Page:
You want to teach someone about a crypto concept, something 101 that could be explained in 1-2 pages with a lot of diagrams? Look no more, we need you.
The idea is to have a recurrent benevolent e-magazine (like POC||GTFO) that focuses on:
cryptography: duh! That being said, cryptography does include: implementations, cryptocurrencies, protocols, at scale, politics, etc. so there are more topics that we deem interesting than just theoretical cryptography.
pedagogy: heaps of diagrams and a focus on teaching. Taking an original writing style is a plus. We're looking not to bore readers.
101: we're looking for introductions to concepts, not deeply technical articles that require a lot of initial knowledge to grasp.
short: articles should be similar to a blog post, not a full-fledged paper. With that in mind articles should be around 1, 2 or 3 pages. We are not looking for something dense though, so no posters, rather a submission should be a light read that can be part of a series or influence the reader to read more about the topic.
Preferably, authors should write about something they are familiar with, but here is a list of topics that would likely be interesting for such a light magazine:
what is SSH?
what is SHA-3?
what is functional encryption?
what is TLS 1.3?
what is a linear differential attack?
what is a cache attack?
how does LLL work?
what are common crypto implementation tricks?
what is R-LWE?
what is a hash-based signature?
what is an RFC?
what is the IETF?
what is the IACR?
why are companies encrypting databases?
what is x509, .pem, asn.1 and base64?
LaTeX if possible.
No deadline at the moment.
How to submit
send me a dropbox link or something on the contact page, you can also send it to me via twitter
PS: I am going to annoy you if you don't use diagrams in your article
I will be at the Tamuro meetup in London tonight (at the George Inn pub). It's a meetup about security and cryptography. Feel free to join if you want to grab a beer and talk about supersingular isogenies.
Last month I was in Singapore with Mason to talk about vulnerabilities in Ethereum smart contracts at Black Hat Asia. As part of the talk we released the DASP, a top 10 of the most damaging or surprising security vulnerabilities that we have observed in the wild or in private during audits we perform as part of our jobs.
The page is on github as well and we welcome contributions to the top 10 and the list of known exploits. In addition we're looking to host more projects related to the Ethereum space there, if you are looking for research projects or are looking to contribute on tools or anything that can make smart contracts development more secure, file an issue on github!
Note that I will be giving the talk again at IT Camp in Cluj-Napoca in a few months.
They make it seem really worrisome, but should we really be scared about the findings?
Traceable delivery is the first thing that came up in the presentation. What is it? It’s the check marks that appear when your recipient receives a message you sent. It's mostly a UI feature but the fact that no security is tied to it allows a server to fake them while dropping messages, making you think that your recipient has wrongly received the message. This was never a security feature to begin with, and nobody never claimed it was one.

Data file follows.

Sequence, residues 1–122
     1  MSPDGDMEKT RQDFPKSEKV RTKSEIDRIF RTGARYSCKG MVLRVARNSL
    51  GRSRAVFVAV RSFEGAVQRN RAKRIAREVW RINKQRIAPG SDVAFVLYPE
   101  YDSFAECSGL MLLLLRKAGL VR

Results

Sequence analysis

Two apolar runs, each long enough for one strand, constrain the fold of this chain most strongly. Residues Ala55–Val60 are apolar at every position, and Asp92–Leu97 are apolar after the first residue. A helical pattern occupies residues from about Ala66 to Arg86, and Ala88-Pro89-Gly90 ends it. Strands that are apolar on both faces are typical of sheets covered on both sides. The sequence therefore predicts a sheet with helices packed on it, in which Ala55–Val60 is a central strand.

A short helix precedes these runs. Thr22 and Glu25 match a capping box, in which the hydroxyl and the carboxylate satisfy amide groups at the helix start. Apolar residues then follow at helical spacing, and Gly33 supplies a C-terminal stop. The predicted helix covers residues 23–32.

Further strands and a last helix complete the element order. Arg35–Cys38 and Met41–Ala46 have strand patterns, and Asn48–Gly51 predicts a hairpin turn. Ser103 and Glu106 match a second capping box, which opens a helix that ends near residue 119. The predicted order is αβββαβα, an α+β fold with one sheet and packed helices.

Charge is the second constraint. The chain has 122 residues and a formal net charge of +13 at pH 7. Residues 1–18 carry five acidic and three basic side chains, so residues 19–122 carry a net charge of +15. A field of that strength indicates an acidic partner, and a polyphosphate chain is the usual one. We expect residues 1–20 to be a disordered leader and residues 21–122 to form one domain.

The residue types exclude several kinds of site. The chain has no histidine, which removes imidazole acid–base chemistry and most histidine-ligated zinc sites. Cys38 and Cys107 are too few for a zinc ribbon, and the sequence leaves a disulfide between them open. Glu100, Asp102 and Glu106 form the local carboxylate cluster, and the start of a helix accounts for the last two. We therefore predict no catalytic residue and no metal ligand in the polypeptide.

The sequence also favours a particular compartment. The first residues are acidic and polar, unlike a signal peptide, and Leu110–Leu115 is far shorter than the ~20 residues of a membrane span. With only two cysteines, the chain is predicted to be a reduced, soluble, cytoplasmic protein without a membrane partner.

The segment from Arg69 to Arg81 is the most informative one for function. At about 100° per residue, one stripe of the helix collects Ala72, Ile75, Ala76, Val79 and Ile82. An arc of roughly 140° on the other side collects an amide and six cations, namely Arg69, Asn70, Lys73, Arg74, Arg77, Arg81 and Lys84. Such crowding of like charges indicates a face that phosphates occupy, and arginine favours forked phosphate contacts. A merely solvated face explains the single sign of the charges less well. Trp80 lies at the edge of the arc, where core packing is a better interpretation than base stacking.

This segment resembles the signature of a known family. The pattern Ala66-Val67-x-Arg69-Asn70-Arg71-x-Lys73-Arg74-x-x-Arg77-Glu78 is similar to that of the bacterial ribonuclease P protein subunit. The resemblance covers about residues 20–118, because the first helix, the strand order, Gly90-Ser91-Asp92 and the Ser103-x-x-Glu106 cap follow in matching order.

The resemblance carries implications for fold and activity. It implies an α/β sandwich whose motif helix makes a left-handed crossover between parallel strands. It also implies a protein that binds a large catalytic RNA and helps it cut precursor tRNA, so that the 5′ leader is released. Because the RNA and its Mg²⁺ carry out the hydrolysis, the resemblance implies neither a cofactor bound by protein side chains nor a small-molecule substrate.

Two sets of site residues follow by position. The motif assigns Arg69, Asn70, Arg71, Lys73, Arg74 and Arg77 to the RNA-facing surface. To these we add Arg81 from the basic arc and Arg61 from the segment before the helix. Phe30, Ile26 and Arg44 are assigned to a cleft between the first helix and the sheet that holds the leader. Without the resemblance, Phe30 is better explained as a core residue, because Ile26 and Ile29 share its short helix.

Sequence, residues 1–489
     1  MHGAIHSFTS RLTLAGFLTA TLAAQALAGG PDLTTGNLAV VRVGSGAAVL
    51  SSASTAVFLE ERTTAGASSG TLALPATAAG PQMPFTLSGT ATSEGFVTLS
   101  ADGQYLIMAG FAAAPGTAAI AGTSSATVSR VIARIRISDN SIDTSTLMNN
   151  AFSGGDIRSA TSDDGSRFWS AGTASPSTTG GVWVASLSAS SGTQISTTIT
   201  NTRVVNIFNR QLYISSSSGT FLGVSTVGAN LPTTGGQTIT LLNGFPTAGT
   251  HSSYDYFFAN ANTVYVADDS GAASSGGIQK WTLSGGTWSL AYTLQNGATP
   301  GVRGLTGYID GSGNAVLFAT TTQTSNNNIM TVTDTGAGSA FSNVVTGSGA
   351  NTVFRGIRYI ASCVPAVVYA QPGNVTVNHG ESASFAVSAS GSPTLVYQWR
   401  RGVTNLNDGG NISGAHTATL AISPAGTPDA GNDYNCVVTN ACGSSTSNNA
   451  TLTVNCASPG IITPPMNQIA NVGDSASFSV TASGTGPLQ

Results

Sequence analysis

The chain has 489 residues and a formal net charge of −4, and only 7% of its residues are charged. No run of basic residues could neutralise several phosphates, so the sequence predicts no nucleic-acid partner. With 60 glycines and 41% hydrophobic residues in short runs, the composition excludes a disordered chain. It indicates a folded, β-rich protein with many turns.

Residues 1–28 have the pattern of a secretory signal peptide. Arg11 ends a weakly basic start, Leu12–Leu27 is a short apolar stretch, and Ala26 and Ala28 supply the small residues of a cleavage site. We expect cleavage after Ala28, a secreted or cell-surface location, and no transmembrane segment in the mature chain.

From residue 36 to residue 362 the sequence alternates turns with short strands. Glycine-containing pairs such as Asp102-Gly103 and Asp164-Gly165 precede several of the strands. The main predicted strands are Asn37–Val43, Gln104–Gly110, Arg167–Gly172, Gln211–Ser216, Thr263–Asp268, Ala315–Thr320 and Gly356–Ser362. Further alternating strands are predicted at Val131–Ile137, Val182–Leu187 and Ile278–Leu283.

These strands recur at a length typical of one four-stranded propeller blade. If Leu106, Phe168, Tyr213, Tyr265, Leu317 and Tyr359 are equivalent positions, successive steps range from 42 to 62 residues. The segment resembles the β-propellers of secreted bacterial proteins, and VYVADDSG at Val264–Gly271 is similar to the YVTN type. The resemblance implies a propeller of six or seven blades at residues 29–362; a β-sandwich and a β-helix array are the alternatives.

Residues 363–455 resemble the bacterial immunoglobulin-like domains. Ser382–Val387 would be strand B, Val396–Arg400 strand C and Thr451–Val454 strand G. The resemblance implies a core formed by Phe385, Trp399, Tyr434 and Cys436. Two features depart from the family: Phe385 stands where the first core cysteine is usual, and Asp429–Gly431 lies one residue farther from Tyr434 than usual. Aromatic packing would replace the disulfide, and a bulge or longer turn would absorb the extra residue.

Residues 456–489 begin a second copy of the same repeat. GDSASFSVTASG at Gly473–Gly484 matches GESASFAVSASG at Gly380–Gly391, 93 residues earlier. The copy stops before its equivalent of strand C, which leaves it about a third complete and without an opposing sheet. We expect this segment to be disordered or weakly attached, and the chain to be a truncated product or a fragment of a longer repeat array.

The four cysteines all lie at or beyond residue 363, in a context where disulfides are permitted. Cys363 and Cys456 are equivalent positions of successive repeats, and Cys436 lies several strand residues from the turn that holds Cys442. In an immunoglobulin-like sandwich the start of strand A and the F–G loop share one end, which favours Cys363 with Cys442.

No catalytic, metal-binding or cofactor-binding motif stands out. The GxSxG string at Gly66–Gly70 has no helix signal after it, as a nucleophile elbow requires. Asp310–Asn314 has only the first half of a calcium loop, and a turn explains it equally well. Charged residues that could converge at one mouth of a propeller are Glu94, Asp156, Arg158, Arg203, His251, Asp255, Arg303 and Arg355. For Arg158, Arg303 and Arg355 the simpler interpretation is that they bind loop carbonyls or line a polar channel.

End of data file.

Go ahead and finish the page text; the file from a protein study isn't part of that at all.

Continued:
Closeness is the fact that the WhatsApp servers can add a new participant into your private group chat without your consent (assuming you’re the admin). This could lead people to share messages to the group including to a rogue participant. The caveat is that:
previous messages cannot be decrypted by the newcomer because a new key is generated when someone new joins the mix
everybody is receiving a notification that somebody joined, at this point everyone can choose to willingly send messages to the group
Again, I do not see this as a security vulnerability. Maybe because I’ve understood how group chats can work (or miswork) from growing up with shady websites and applications. But I see this more as a UI/UX problem.
The paper is not bad though, and I think they’re right to point out these issues. Actually, they do something very interesting in it, they start it up with a nice security model that they use to analyse several messaging applications:
Intuitively, a secure group communication protocol should provide a level of security comparable to when a group of people communicates in an isolated room: everyone in the room hears the communication (traceable delivery), everyone knows who spoke (authenticity) and how often words have been said (no duplication), nobody outside the room can either speak into the room (no creation) or hear the communication inside (confidentiality), and the door to the room is only opened for invited persons (closeness).
Following this security model, you could rightfully think that we haven’t reached the best state in secure messaging. But the fuss about it could also wrongfully make you think that these are worrisome attacks that need to be dealt with.
To me, this article reads as a better example of the problems with the security industry and the way security research is done today, because I think the lesson to anyone watching is clear: don't build security into your products, because that makes you a target for researchers, even if you make the right decisions, and regardless of whether their research is practically important or not.
I'd say the problem is in the reaction, not in the published analysis. But it's a sad reaction indeed.